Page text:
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Members Of Wisconsin DNR’s Policy-Setting Board Object To Agency’s Stance On Wolf Population

DNR Advising No Significant Changes To Wolf Population Ahead Of Fall Hunt

gray wolf
This July 16, 2004, file photo, shows a gray wolf at the Wildlife Science Center in Forest Lake, Minn. Dawn Villella/AP Photo

Members of the policy-setting board for the Wisconsin Department of Natural Resources aren’t happy with the agency’s plans to maintain the wolf population as they develop a quota for this fall’s wolf hunt.

Keith Warnke, administrator of the DNR’s fish, wildlife and parks division, told the agency’s wolf harvest advisory committee last week that the DNR’s objective is “no substantive change” to the state’s wolf population until a new wolf management plan is approved.

The agency is in the process of forming a committee to update its decades-old wolf management plan. The DNR expects to submit a final plan to the Natural Resources Board next summer.

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The 1999 wolf management plan set a goal of 350 wolves in Wisconsin. Warnke said that number served as a trigger for considering a wolf harvest or depredation controls.

“This number is clearly a minimum — a floor that we want it to reach and not a ceiling that we want it to stay below,” said Warnke.

Warnke noted that the plan’s assessment of suitable wolf habitat did not include many areas of the state that wolves currently occupy. He added that it suggested the population could grow to anywhere between 500 and 800 wolves if the animal occupied all suitable habitat statewide.

Board member Terry Hilgenberg said he’s not suggesting a population of 350 wolves, but he argued there are too many wolves statewide.

“To come into this season, to say that we’re not going to reduce the number of wolves, to me is very inappropriate for the department to advance,” said Hilgenberg.

The number of wolves in Wisconsin grew from just 25 animals in 1980 to 1,195 wolves prior to the February wolf hunt, during which hunters went far beyond their quota and killed 218 wolves. Some farmers and hunters have reported increasing conflicts with wolves as the animal’s population has grown. The number of verified wolf attacks on pets and livestock increased from 82 in 2019 to 98 confirmed depredations last year.

The board’s vice chair Greg Kazmierski questioned whether the agency was going to manage all species based on their suitable habitat, saying 350 wolves was considered a “socially tolerable” goal.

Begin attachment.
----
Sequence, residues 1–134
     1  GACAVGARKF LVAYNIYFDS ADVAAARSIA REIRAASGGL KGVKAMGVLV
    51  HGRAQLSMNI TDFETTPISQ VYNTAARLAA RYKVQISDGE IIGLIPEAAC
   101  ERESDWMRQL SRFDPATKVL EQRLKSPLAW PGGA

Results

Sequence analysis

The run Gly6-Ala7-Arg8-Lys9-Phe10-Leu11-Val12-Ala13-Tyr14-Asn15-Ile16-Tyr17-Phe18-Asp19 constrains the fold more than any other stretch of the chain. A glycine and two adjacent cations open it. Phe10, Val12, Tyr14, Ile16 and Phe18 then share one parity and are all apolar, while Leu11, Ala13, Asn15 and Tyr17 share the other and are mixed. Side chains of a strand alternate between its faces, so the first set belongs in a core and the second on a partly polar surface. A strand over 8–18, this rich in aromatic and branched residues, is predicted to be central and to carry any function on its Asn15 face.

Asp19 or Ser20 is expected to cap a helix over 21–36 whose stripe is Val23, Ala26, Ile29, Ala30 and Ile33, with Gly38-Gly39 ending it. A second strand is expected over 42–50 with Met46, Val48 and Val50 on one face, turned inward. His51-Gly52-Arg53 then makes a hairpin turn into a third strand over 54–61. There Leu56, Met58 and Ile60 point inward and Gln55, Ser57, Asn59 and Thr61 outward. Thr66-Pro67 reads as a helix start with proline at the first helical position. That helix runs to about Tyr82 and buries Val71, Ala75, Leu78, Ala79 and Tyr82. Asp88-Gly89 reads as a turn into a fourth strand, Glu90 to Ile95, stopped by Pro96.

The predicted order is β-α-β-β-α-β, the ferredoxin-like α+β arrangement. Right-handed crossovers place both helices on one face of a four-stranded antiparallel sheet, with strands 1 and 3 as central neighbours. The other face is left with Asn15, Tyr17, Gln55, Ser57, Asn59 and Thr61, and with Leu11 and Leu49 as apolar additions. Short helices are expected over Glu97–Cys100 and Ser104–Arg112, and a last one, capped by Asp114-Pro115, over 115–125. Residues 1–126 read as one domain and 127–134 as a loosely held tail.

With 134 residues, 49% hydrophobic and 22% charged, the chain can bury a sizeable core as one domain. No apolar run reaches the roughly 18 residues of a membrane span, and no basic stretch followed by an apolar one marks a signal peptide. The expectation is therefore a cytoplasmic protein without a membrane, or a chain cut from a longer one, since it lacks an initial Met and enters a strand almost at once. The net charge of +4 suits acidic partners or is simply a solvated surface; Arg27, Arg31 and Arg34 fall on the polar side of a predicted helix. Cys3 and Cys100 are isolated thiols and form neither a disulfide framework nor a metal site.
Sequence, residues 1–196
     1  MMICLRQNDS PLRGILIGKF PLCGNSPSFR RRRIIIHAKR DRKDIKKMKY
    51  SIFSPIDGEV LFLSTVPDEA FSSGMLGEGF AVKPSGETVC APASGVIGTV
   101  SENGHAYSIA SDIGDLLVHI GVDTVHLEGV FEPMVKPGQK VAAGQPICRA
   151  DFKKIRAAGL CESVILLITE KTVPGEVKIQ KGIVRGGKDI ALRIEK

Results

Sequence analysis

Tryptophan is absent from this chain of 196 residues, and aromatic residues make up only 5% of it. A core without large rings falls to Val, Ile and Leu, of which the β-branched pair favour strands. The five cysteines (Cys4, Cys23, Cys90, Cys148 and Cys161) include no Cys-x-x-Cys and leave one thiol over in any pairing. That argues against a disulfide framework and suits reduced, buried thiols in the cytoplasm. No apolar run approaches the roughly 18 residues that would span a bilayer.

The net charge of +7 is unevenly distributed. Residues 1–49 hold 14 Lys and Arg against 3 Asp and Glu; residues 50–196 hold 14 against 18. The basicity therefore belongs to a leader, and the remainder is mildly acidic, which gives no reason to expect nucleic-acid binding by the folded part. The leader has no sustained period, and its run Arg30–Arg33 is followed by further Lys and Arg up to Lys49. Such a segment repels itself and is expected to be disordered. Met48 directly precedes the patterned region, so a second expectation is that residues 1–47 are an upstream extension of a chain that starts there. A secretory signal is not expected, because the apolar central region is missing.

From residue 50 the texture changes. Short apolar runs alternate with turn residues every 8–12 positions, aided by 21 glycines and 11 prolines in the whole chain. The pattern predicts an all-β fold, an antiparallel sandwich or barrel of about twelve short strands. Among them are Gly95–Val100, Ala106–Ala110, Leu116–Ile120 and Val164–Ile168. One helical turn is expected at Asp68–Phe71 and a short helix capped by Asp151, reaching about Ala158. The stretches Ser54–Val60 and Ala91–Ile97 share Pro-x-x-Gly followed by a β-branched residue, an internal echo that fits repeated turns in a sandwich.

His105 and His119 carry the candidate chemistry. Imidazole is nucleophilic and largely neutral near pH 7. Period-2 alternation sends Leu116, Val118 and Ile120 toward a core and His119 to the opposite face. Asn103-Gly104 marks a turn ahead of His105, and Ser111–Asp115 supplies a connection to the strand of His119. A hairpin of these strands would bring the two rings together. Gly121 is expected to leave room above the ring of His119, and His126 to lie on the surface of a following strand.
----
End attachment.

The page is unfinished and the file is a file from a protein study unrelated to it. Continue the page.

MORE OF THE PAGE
“You’re putting sidebars on and telling them we can’t manage to that goal that was accepted socially in the original management plan,” said Kazmierski.

Kazmierski also expressed dismay over the makeup of the DNR’s wolf management plan committee, claiming nearly a dozen who have applied are against wolf hunting. He questioned whether there would be a fair and balanced review.

Warnke said the agency plans to use Madison-based facilitator Credens LLC to review the committee’s input along with data on wolf management, depredation and harvest. He said the agency wants to give the wolf management plan committee the “responsibility and opportunity” to provide as much input as possible.

The Natural Resources Board has the final say on the DNR’s wolf management plan and quota recommendation for this fall’s harvest, which will be presented to the board at its August meeting.

Feelings run strong on wolf management in Wisconsin after hunters harvested nearly double the 119 wolves allowed for state-licensed hunters during Wisconsin’s first wolf hunt in six years. The Natural Resources Board set an overall quota of 200 wolves for the hunt, which was split between the state and Wisconsin’s Ojibwe tribes. Tribes have declined to harvest wolves because they view the animal as a relative.

The hunt has sparked criticism from tribes and animal rights groups. Members of the public told the state’s wolf harvest advisory committee last week to hold no harvest this fall.

State law requires a wolf hunt to be held in the fall through February when the wolf is not under federal protection. Former President Donald Trump’s administration delisted the wolf in January. President Joe Biden’s administration is reviewing that decision. Environmental and wildlife groups have also sued to restore protections for the animal.

The DNR first proposed holding a wolf hunt this fall until Kansas-based Hunter Nation sued the agency to force a season. A Jefferson County judge ordered a hunt to be held in February. The DNR appealed the ruling, but an appeals panel dismissed the case.

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